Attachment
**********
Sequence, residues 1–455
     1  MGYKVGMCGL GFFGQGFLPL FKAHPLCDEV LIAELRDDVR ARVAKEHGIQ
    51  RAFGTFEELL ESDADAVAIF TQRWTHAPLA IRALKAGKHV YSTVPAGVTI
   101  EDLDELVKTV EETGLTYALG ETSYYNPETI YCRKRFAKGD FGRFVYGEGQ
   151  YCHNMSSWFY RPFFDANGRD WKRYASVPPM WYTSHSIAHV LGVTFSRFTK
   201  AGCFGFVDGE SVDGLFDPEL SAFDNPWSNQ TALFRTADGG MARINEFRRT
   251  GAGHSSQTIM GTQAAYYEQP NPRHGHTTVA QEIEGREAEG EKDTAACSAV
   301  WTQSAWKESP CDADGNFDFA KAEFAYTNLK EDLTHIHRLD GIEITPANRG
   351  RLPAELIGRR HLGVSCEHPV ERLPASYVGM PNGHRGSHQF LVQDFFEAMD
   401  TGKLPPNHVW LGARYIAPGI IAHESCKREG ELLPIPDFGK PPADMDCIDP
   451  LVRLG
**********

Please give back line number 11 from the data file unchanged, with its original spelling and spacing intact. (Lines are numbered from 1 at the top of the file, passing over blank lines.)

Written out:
   451  LVRLG